Canadian dollar conversion

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Canadian dollar

Abbreviation/Symbol:

  • Sou (Cent in colloquial French)
  • Loonie
  • Buck
  • Huard
  • piastre (pronounced piasse in popular usage)

Worldwide use:

  • Canada
  • Saint Pierre and Miquelon (France) (alongside the euro)

Description:

The official currency of Canada is the Canadian Dollar. Banknotes of the Canadian Dollar are currently issued in $5, $10, $20, $50, and $100 denominations. One Dollar is worth 100 Cents. The coinage in circulation is the 5¢, 10¢, 25¢ (commonly known as a ‘Nickel’, Dime, and Quarter respectively) and the $1 and $2 are commonly known as the Loonie and the Toonie. The one-dollar gold colored coin was introduced in 1987 and bears the images of a Canadian bird called the Loonie on one side. The Toonie is so called as it is "Two Loonies."A 50¢ coin is also available but very rare.

In 1954 a series of Canadian banknotes was released that gave the illusion of a grinning demon behind the ear of the Queen on her hair. These commonly became known as the Devils Head banknotes. The banknotes were consequently modified in 1956 by darkening the highlighted hair on the face plates. In the late 1990’s The Solicitor General of Canada requested the $1000 be withdrawn from production and removed from circulation as it was widely being used in organized crime for money laundering. It was removed from circulation in the year 2000.

Origin:

Prior to the 19th century, furs and even rare shells fashioned into beads known as Wampum were considered currency in Canada and used to trade goods. As Canada became a colony, British and French coins were slowly introduced but they were in short supply so from 1685 playing cards with their value written on the reverse were used as a form of currency. However, these were later banned at the beginning of the 18th century by the authorities. Throughout the 19th century the Spanish Dollar and British Sterling became the main currencies. It wasn’t until 1841 that Canada finally had a monetary identity of its own called the Canadian Pound. The new Canadian Pound was linked to the Spanish Dollar under the Halifax rating system and was equal to 4 US Dollars and 1 pound 4 shillings 4 pence Canadian. As time passed the vast majority of Canadians who did most of their foreign trade with the Americans wanted to incorporate the Canadian currency with the American Dollar. However, the imperial powers in London strongly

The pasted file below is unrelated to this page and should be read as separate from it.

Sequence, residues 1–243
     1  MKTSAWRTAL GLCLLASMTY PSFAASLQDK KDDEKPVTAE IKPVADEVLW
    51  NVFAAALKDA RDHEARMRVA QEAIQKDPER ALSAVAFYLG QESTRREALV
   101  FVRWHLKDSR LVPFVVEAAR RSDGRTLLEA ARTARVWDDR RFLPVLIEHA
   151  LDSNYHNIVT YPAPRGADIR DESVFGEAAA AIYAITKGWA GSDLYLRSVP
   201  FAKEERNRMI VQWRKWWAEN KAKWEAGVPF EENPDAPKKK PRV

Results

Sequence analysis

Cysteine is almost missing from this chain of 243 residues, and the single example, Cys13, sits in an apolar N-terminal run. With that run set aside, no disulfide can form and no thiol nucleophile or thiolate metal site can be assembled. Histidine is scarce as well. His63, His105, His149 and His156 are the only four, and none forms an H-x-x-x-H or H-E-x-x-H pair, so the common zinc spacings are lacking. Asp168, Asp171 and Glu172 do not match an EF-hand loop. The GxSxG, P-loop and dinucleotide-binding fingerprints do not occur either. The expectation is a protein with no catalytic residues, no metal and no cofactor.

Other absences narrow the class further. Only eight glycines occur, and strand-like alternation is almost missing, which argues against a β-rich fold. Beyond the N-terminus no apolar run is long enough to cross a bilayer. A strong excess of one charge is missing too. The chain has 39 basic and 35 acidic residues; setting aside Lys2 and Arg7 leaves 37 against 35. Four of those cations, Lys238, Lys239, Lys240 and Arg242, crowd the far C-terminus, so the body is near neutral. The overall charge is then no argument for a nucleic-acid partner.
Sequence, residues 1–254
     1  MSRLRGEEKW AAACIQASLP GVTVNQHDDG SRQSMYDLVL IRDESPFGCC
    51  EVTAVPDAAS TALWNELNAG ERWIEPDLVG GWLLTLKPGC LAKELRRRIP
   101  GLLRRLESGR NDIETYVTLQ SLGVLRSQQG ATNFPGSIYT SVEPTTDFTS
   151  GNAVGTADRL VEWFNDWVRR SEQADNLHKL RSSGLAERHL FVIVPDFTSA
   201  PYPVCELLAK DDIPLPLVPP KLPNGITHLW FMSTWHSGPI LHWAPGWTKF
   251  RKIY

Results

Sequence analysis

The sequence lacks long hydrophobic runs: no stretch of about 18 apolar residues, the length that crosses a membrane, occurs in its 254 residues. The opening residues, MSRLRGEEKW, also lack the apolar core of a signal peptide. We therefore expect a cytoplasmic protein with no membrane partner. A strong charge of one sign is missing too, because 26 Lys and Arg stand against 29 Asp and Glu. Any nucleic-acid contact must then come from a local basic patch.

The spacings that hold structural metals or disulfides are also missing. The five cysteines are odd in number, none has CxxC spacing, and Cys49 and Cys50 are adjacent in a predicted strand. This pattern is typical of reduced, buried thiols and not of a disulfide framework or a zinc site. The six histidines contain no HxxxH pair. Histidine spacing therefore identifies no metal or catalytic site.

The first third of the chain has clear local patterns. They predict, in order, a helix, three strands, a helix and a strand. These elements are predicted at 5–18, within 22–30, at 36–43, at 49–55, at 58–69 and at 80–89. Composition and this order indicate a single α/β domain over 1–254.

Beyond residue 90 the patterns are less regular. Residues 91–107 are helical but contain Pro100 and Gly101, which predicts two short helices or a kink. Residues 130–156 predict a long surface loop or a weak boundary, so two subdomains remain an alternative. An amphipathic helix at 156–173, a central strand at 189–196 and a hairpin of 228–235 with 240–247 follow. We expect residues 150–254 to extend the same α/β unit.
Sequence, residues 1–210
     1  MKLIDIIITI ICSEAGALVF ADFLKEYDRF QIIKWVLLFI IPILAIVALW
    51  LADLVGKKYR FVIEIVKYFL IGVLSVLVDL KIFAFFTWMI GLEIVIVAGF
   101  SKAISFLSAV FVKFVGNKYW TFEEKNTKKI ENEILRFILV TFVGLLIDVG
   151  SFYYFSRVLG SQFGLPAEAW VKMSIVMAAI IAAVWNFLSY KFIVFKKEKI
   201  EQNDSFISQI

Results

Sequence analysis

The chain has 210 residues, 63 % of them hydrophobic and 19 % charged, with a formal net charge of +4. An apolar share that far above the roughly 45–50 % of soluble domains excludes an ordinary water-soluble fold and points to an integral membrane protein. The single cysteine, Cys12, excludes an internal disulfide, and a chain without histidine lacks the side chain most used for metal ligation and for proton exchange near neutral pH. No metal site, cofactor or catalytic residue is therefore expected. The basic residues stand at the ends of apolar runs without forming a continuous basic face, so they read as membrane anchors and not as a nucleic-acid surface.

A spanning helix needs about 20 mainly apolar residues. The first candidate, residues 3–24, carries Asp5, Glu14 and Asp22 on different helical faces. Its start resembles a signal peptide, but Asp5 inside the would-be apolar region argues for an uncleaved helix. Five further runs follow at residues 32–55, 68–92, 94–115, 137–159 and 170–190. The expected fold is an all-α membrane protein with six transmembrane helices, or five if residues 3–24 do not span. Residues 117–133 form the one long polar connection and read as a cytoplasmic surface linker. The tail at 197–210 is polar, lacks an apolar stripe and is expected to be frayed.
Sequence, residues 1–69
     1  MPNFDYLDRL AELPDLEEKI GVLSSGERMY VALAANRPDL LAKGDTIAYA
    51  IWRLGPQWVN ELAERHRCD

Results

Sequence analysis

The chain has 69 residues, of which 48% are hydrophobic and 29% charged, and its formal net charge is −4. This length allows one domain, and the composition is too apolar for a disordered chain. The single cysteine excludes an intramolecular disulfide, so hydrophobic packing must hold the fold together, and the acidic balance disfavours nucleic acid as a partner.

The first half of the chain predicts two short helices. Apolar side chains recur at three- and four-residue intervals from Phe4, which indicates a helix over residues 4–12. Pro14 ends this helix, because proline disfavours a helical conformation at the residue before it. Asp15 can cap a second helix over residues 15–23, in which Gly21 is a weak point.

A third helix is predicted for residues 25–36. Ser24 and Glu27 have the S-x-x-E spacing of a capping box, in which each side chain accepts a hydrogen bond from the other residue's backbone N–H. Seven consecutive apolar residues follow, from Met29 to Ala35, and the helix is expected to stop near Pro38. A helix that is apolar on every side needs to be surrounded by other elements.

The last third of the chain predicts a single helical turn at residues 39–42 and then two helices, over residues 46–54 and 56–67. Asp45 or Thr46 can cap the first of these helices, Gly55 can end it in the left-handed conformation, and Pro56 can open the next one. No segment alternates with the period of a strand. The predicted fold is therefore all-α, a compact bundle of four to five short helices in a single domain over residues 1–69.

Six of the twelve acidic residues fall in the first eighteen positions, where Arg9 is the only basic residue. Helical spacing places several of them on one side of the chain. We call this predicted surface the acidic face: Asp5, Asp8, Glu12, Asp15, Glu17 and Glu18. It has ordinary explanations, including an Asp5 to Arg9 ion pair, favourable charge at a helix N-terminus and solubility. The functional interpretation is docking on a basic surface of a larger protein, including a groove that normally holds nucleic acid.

Component units:

  • Cent (100)

Date introduced:

  • 1867

Central bank:

  • Bank of Canada

Printer:

  • Canadian Bank Note Company

Mint:

  • Royal Mint